A number of high-profile candidates could be in line to become the BBC's next director-general - unless they think the corporation's top job has become too much of a poisoned chalice.
Acting director-general Tim Davie is used to difficult situations.
In his current role of director of BBC Audio & Music, with overall responsibility for BBC Radios 1, 2, 3, 4, and the BBC digital radio stations, he had to address prank calls made by Russell Brand and Jonathan Ross on Radio 2.
In October he was appointed as the new chief executive of BBC Worldwide and was due to take over in December.
Soon after beginning his post Mr Davie had to deal with the decision to shut 6 Music - a call which was later reversed, bringing more scrutiny.
Mr Davie, who is married with three young sons, read English at Cambridge University, and later joined Procter and Gamble's marketing department, becoming a brand manager in 1991.
Michael Jackson, the former chief executive of Channel 4, has a varied and strong pedigree to take over as director-general.
His reputation at Channel 4 blossomed with his commissioning of such hits as Da Ali G Show, Queer As Folk and So Graham Norton.
He also launched the two successful channels, FilmFour and E4.
He has succeeded on both sides of the Atlantic.
When he left Channel 4 in 2001 to work in America one network producer told the media staff were "devastated".
Mr Jackson was previously controller of both BBC1 and BBC2 at various times in the 1990s. His move to the States, where he became president and chief executive officer of the USA Entertainment Group, surprised the industry.
The 54-year-old was the first British TV boss to get a top job in the American industry since Michael Grade, his predecessor at Channel 4.
Caroline Thomson, 58, is the BBC's former chief operating officer.
She narrowly missed out to George Entwistle earlier this year and left the corporation at the end of September when her post was axed.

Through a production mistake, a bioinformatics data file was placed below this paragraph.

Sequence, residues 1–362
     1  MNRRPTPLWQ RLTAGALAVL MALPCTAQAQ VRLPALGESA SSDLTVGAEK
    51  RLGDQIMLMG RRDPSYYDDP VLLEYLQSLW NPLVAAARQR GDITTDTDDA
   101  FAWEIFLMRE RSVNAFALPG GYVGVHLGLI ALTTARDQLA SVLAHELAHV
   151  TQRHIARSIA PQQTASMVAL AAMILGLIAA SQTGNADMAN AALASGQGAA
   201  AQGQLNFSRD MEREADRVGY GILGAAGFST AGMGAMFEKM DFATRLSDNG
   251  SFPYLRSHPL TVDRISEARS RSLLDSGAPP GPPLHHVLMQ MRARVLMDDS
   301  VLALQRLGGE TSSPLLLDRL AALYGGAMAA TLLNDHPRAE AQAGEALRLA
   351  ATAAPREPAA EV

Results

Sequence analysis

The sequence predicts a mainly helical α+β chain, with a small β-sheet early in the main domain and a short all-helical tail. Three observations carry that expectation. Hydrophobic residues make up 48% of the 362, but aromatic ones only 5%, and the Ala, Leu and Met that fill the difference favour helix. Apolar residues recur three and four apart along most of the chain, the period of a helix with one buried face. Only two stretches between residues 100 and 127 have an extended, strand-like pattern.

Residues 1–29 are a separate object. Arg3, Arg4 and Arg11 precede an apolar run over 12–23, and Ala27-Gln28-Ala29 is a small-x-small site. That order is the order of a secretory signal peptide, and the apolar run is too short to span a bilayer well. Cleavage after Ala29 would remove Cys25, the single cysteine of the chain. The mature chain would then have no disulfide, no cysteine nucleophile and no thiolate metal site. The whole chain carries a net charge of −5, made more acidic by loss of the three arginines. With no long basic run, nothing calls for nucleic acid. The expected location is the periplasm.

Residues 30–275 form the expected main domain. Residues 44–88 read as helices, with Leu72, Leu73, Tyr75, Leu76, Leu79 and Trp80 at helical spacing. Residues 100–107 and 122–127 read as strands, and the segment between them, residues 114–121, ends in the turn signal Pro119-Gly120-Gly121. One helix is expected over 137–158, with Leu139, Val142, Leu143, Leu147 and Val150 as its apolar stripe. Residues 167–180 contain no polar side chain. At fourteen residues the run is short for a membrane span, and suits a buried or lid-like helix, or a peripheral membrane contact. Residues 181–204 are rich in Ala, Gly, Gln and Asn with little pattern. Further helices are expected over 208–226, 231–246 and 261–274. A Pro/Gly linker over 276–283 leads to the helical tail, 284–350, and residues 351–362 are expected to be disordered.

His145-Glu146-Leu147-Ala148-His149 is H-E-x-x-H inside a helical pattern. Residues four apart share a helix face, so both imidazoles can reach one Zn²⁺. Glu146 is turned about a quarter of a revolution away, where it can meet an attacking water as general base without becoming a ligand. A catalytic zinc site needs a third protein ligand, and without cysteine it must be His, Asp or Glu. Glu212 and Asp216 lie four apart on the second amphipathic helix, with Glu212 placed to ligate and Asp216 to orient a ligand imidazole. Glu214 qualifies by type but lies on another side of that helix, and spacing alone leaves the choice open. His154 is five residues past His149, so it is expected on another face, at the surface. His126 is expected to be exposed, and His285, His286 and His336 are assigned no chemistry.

A former BBC journalism trainee who went on to produce BBC Panorama, she became head of corporate affairs at Channel 4 before returning to the BBC as deputy director of the BBC World Service, becoming director of policy and legal and then chief operating officer in 2006.
Having previously deputised for the director general, she could yet become the first woman to land the top job.
Just weeks ago she told the Daily Telegraph the BBC "still has a long way to go on the equality agenda for women and ageism".
Helen Boaden, BBC director of news, has overall editorial and managerial responsibility for UK-wide and global news and current affairs on radio, television and online.
Since April 2009 Boaden, who is paid £354,000 a year, has also overseen the 12 English Regions and 40 local radio stations. Since April 2011 she has had responsibility for the Global News division, including World Service and BBC World News.
Ms Boaden started her journalistic career on campus radio at the University of Sussex. She regularly presented Woman's Hour from Manchester and produced and presented a range of features and documentaries for Radio 4.
She is expected to be questioned by Nick Pollard for his investigation into possible failings of BBC management over the axed Newsnight Jimmy Savile investigation.
Ed Richards has been chief executive of Ofcom, the regulator for the communications industry, since 2006.
A former policy adviser to Tony Blair, Mr Richards made the final four for the director-general role before Mr Entwistle was appointed.
Mr Richards, who has also worked in consulting at London Economics Ltd and for former prime minister Gordon Brown, is a governor of The London School of Economics & Political Science, and a trustee of The Teaching Awards Trust.
Danny Cohen, controller of BBC1, finds his name in the frame for a big promotion.
He is responsible for the overall direction of the channel and determines its editorial policy, priority, style and presentation based on analyses of target audience needs.
From 2007 to 2010, Cohen was Controller of BBC3 and his commissions included Being Human, Blood Sweat And Takeaways, Our War, Junior Doctors, Him And Her and Russell Howard's Good News. Before that he was head of E4 and Channel 4 Factual Entertainment.
He is paid £262,600 annually.
Peter Fincham, 56, ITV's director of television is thought to be another frontrunner for the BBC top job.
He joined the commercial broadcaster in 2008 and the channel has seen a creative renaissance with the commissioning of popular programmes such as Downton Abbey and the Fred West drama Appropriate Adult which won a clutch of awards - with The Only Way Is Essex being one of the shows of its age.
Mr Fincham might be reluctant to return to the BBC where he was appointed controller of BBC1 in 2005.
He was forced out two years later in a row over a misleadingly-edited trailer for a documentary about the Queen.
"I worked hard to become a BBC insider," Mr Fincham said later. "When Queengate kicked off I quite quickly realised I wasn't."
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